The "Gherkin" is the nickname of a visually distinctive building at 30 St. Mary Axe in London. The next time any architects want to make a building that looks like an egg, they'll finally have the math to make it happen!


Valeriy G. Narushin et al, Egg and math: introducing a universal formula for egg shape, Annals of the New York Academy of Sciences (2021). DOI: 10.1111/nyas.14680. Ungated Preprint: BioRxiv (PDF Document).

Image Credit: Photo by Jasmin Egger on Unsplash, to which we added the dimensional annotations.

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09 September 2021

Arizona's third COVID wave has peaked and begun to recede.

Since our last update three weeks ago, the number of cases and new hospital admissions in the state has reached their peaks and begun to fall. Meanwhile, the state's data for deaths is still too incomplete over the last few weeks to confirm the pattern seen for cases and hospitalizations, but can be expected to follow.

In the following chart, we've aligned the rolling seven-day averages for the number of COVID cases, new hospital admissions, and deaths to the approximate date of exposure for the Arizonans affected by the spread of the various strains of the SARS-CoV-2 coronavirus. The chart is presented in linear scale, where you can see the third wave of infections begin to accelerate at the end of June 2021, which coincides with the mass exposure event of the Phoenix Suns advancing to the finals in the NBA playoffs. [Note the vertical scale of the chart is presented in logarithmic scale.]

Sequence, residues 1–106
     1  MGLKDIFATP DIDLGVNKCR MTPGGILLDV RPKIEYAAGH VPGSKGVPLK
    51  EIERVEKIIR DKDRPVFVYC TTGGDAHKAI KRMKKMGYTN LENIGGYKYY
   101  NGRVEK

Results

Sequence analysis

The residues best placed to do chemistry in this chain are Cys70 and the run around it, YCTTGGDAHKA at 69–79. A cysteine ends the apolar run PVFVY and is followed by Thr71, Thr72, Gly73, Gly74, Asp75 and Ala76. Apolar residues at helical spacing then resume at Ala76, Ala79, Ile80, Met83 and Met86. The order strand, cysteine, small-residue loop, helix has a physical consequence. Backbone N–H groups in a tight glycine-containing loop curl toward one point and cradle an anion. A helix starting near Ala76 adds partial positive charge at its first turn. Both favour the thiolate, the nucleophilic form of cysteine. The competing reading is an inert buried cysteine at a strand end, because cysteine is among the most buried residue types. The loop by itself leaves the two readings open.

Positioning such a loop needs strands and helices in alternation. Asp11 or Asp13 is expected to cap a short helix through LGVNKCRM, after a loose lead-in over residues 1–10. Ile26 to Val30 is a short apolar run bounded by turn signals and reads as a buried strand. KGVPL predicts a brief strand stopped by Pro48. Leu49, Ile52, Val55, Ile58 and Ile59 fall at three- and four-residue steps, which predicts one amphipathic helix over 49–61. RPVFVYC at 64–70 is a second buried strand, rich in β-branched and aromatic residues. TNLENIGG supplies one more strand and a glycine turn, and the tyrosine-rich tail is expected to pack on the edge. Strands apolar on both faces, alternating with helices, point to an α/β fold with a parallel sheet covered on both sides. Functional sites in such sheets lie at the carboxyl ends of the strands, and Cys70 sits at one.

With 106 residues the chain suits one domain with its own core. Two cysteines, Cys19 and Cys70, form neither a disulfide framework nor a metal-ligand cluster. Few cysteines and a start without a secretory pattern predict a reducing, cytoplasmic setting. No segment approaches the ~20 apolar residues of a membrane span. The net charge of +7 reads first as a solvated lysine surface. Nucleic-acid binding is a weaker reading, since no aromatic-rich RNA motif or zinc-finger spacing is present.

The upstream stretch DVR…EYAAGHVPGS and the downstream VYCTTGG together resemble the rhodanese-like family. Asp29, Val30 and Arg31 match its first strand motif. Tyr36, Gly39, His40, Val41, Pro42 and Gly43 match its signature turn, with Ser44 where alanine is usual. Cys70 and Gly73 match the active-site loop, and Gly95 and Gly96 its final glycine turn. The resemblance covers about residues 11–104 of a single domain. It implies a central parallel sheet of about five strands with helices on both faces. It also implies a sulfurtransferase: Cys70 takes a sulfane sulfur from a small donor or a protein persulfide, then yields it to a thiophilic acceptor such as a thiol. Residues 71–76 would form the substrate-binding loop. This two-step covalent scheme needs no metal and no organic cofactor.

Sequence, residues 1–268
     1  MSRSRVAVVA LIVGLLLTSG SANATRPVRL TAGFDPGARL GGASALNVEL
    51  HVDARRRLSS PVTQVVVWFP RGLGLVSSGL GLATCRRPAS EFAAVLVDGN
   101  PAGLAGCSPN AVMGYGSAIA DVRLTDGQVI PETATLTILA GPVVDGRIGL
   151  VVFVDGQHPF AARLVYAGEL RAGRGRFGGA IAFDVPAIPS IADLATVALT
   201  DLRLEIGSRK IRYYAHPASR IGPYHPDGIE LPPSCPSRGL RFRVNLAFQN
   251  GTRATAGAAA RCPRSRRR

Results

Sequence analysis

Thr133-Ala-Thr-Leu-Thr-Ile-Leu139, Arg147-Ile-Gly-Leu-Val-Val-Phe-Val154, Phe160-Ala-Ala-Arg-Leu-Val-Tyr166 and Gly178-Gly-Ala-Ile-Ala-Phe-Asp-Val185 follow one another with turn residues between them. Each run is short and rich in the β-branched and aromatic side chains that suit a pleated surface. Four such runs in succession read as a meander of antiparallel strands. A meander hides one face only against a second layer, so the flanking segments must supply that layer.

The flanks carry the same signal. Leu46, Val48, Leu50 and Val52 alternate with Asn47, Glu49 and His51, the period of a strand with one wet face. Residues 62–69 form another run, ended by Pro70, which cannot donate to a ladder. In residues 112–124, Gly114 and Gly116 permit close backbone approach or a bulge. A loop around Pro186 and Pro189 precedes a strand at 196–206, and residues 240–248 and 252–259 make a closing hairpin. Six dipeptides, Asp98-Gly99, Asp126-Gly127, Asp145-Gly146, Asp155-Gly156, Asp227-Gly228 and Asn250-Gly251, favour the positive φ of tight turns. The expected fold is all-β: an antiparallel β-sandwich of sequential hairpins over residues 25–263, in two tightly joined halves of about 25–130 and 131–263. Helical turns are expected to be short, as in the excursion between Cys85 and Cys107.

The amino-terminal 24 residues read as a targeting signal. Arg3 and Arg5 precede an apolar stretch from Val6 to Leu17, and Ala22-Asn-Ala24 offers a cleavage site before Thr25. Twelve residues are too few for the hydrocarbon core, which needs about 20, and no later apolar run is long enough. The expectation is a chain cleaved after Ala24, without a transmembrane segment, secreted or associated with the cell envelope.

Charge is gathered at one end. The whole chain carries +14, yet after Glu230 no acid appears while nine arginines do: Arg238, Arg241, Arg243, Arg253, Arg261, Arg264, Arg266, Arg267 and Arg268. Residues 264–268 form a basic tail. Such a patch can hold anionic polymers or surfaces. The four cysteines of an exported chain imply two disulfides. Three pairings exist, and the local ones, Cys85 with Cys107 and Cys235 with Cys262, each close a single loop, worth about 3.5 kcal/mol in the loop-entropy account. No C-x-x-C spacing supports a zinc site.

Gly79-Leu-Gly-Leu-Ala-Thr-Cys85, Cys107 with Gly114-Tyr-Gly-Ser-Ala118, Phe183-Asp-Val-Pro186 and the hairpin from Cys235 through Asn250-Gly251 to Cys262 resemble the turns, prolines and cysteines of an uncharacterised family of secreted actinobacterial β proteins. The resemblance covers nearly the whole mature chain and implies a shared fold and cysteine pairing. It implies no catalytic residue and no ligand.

Arizona's Experience During the Coronavirus Pandemic, 15 March 2020 - 6 September 2021, Logarithmic Scale

The data indicates the incidence of initial exposure to the active variants of SARS-CoV-2 coronavirus in Arizona's third COVID wave peaked in the period between 11 August 2021 and 15 August 2021.

The data also confirms that COVID-19 has become less risky for Arizonans, with the number of new hospital admissions and deaths falling below the trendlines (shown as the dashed yellow lines for the third wave) that would be expected from the number of cases based on the patterns observed during the state's experience of its first two coronavirus waves in 2020. That change corresponds to the state's high rate of vaccination for its most vulnerable elderly population, where COVID tends to be less serious for those in younger demographic groups, whose rate of vaccination has been lower.

There is a point of concern in that the state's ICU Bed Usage for COVID patients is still in a rising trend. We've put togther the following animation to cycle through charts illustrating Arizona's data for COVID cases, new hospital admissions, deaths, and ICU Bed Usage, showing each frame for five seconds. The vertical scale on each of these charts is presented in linear scale.

Animation: Arizona's Experience During the Coronavirus Pandemic, COVID Cases, New Hospital Admissions, Deaths, and ICU Bed Usage, 15 March 2020 - 6 September 2021, Linear Scale